Dad traces the curves of the branch with his index finger as if he’s mentally measuring. Hatching his plan.

“That way, when I walk through the streets bringing God’s message to the people, I can carry this.”

You can divorce your parents, right? He can’t be serious. This is far even for him.

“You know they’re probably going to kill your Father, right?”

Who, the voices in your head?

“They always kill people who tell the truth. Your Father will die a martyr. I can’t help it. God chose me. He chose Moses once and now he chose your Father. We are the first two of God’s new chosen people, the Gabazarians.” Refusing to look at him, I lower my gaze, counting bits of carpet pile—praying that the real God will send my real Father to rescue me.

Convinced of his calling, Dad hand-writes what he calls an official church document for the Gabazarians. He brings the document to the notary, and hangs it with a single blue tack in our kitchen near the cordless phone.

“Jenny. I want you to record a new message on the answering for Daddy because you have a much better voice. Here you go. I wrote it all out for you exactly as I want you to say it.”

I reluctantly accept the loose-leaf sheet he hands me. I shake as I read the words, “Hello, you’ve reached the home of the Gabazarians, God’s new chosen people. We’re not home at the moment. So please leave a message, and we will get back to you shortly.”

Please leave a message with the number of someone who will save me. This man can’t be your Father. He just can’t.

I don’t know how I utter these words with such clarity. But I do. Because I have to.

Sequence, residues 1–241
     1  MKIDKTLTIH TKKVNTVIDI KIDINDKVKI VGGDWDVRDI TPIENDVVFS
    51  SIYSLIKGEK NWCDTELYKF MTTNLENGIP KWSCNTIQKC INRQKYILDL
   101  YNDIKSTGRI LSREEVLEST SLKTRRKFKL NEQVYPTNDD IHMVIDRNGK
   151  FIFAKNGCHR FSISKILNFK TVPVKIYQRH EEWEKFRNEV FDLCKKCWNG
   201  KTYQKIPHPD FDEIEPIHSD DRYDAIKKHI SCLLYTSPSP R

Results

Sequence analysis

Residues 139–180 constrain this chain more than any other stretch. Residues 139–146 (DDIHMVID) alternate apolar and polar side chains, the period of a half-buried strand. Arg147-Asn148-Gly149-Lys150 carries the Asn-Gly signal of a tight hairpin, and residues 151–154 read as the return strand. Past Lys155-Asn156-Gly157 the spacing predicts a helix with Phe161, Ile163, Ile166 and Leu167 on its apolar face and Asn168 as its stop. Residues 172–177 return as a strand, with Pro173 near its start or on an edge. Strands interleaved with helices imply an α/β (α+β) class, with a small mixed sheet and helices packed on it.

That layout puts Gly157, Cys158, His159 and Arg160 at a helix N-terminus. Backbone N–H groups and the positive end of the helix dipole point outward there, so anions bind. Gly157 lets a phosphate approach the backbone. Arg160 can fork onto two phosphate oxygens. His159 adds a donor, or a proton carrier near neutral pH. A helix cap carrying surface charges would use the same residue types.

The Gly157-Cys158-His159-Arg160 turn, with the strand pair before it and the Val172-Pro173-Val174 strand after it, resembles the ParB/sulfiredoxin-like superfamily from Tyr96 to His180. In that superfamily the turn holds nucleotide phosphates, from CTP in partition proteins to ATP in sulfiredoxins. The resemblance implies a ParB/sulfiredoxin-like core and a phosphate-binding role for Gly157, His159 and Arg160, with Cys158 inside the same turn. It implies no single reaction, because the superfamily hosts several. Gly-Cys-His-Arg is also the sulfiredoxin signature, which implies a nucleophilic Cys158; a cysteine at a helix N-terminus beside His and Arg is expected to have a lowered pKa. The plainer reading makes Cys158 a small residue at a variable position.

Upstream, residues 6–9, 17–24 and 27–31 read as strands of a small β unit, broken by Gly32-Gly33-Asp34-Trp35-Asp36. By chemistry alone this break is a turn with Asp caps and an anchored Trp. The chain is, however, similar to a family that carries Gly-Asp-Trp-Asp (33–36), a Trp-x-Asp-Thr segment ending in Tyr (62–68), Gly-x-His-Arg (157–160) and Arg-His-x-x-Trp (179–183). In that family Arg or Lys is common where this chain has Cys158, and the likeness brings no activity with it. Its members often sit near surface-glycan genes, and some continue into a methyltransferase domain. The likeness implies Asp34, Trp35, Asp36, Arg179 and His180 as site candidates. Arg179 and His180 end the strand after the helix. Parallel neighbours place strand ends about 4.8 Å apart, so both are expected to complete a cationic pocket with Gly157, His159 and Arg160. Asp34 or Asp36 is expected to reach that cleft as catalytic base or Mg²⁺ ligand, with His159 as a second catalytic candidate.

1995: Ants in the Pants

Each $100 car Dad procures presents us with a particular dilemma. Last year, Mrs. Smith’s car lost reverse. The flowered contact paper that Dad hastily applied to coverer over rusty body holes brushed the lawn each day as we drove over the grassy hump—the barrier between stone parking lot and road.

Now the retired taxi.

Rumors about Dad punching the crazy cabbie wane just as he discovers that the back brake lines leak.

“Goddamnit, Jenny. It’s always something for you and your Father.” He looks up at the pop-corned apartment ceiling as though he can see straight to heaven. Shaking his fists, he proclaims, “God, Lord Gabazar. I’m going to do your work. I’m gonna to get your message to the people, but could you cut my daughter and me a break for Christ-sake?” Jesus. Not Gabazar again. Can’t we just go back to being good Catholics? I swear I won’t complain about Sunday Mass at 7:15am anymore.

“Well, the hell with this, Jenny. You and Daddy will have to fix it ourselves. Like always.”

Let’s get this over with. Let’s pray the jack doesn’t fail this time. Pumping that up last year while he screamed, “get this motherfucking car off my stomach” scared you for life.

Dad grabs his toolkit and pries the triangular orange jack from the trunk. “Now, Jenny, you remember how to pump this up, right? In case this fucker falls on your poor Father, like last year?” Fighting back howling laughter, I nod with a slight snicker.

While Dad inches his way under the car, he yells, “Motherfucker! Who put this goddamn nut on here? A thousand-pound gorilla? Jenny! Hand me the half inch would ya?”

I scan the toolbox. Where is it? Nine-sixteenths…no…hurry up idiot, he’ll be growing impatient.